Rooney's Foot Makes Bad News
Attempting, via the portal of Sky News, to monitor last week's developments in the damp corner of the planet that these islands constitute, two recurring narratives intertwined, alternating their prominence and seemingly merging into one headline-generating uberconglomerate of scandal, misfortune and incompetence.
The fortunes of the British Labour government and those of the Football Association and the international team which it runs are so eerily similar in their coverage that one imagines that the major British media outlets have some sort of time-saving computer program for generating stories on both: simply log on and select between the following: 'Blair' or 'Barwick'; 'McClaren' or 'Prescott'; 'mishandling of foreign managers' or 'mishandling of foreign prisoners'; 'broken metatarsal' or 'banjaxed health service'; 'tawdry affair with secretary' or 'tawdry affair with secretary'. Then press Enter and watch circulations rise!
Infamously, New Labour adviser Jo Moore lost her job after sending an email memo to party staff on September 11, 2001 suggesting that that event would provide an opportune time to release and 'bury' any bad news which government departments might be sitting on. As the Blair government lurched from scandal to crisis to humiliation last week, the snapping of a bone in Wayne Rooney's foot could not have come at a more timely moment to nudge aside - if not exactly 'bury'' - in the consciousness of the nation the wretched events of the week which its political leadership had endured.
Professional football and the hullaballoo it generates is, in normal times, about as newsworthy and as central to the thoughts of the masses as 'proper' news, and often more so. But, in the run-up to a World Cup in which England are involved, the build-up of hysteria and media attention resembles the moments before the eruption of a particularly explosive volcano - one which releases its molten discharge throughout each quadrennial June in the form of St.George Cross flags on white vans, rampant jingoism and a thousand square miles of cash-in merchandising tat.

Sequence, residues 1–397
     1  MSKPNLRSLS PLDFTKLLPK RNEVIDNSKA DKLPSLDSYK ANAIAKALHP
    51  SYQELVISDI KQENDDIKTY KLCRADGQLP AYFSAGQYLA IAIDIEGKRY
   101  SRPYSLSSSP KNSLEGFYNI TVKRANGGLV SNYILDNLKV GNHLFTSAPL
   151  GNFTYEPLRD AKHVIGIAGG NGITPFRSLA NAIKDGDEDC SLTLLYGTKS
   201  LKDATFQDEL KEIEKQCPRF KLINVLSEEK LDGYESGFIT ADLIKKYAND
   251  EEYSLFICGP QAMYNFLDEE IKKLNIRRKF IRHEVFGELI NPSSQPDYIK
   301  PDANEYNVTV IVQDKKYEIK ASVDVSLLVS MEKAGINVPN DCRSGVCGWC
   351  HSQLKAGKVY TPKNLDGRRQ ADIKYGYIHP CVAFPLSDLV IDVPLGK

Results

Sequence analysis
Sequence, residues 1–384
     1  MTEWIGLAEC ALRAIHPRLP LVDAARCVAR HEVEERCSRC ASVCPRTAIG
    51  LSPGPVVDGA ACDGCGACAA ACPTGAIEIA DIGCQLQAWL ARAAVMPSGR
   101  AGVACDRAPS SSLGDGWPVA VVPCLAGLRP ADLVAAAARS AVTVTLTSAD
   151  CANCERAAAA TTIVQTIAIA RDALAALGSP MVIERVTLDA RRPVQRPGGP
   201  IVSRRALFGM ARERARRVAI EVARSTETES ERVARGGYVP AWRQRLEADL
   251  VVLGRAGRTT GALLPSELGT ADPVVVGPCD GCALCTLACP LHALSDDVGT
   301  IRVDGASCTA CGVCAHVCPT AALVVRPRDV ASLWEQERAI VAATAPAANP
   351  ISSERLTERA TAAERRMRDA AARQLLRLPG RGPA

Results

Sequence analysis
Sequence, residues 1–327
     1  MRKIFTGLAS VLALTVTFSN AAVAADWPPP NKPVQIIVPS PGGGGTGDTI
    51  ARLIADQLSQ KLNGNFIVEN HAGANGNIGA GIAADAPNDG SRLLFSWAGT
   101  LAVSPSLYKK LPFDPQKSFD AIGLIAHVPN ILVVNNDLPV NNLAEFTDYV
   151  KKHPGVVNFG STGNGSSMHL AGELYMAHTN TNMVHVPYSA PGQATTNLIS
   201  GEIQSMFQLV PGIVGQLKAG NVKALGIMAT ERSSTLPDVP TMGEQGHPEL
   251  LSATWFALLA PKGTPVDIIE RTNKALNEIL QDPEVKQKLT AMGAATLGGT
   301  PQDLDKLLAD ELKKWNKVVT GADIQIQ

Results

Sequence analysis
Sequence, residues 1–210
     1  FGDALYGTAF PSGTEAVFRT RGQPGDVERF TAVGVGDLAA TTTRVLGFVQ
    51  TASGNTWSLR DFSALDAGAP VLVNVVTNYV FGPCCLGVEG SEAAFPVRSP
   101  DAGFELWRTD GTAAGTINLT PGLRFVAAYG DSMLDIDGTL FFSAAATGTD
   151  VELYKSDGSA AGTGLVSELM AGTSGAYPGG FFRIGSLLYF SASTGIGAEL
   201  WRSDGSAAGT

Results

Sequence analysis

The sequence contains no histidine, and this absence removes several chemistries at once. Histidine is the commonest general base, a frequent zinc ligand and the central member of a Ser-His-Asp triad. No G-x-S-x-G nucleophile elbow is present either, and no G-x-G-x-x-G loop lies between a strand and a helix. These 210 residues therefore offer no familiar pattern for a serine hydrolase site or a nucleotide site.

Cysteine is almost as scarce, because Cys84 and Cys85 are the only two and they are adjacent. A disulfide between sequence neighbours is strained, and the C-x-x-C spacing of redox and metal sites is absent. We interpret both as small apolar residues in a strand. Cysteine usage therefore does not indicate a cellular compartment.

So the demise of Rooney's metatarsal and the howl of collective anguish it provoked was so impeccably timed for Tony Blair that one was tempted to check if Paulo Ferreira had been doing a bit of canvassing for Labour in London West of late. As if the normal blanket football coverage that World Cup summers provide was not enough to wipe the inconsequential doings of humble Westminster folk off the front pages, the focus of 50 million pairs of eyes on the well-being of the right foot of a 20-year old prodigy relegates the turmoil of Britain's government to the 'In Brief' section of most people's minds.
We can expect or have already seen any or all of the following: Yuri Geller being called upon again, like a football version of Mr.Wolf from Pulp Fiction, to fix Rooney's foot, just because he made Gary McAllister miss that penalty in 1996; every foot-surgeon (if such a thing exists) in Britain and beyond being asked if Rooney will be fit, until one gin-sodden polytechnic lecturer says he will, upon which he is presented with an MBE; the following conversation taking place around 17,497 times between assorted ashen-faced Sky Sports News personnel and assorted ashen-faced Manchester United or England personnel:
SKY: "Any news on Wayne?"
MAN IN TRACKSUIT: "No, nothing as yet."
SKY: "So are you hopeful he will be fit?"
M.I.T.: "No, it doesn't look good."
SKY: "So are you ruling him out of the World Cup?"
M.I.T.:"Well that's not for me to say."
SKY: "So you're not ruling him out of the World Cup then?"
M.I.T.: "Well, I mean, I'm not saying he definintely won't but...."
SKY: "There you have it, postive news about Wayne Rooney here from this man in a tracksuit, back to you in the studio Jim...."
It will all be tedious, mindless and seemingly interminable.
Still, beats another story about John Prescott's four-times-a-night sex romps.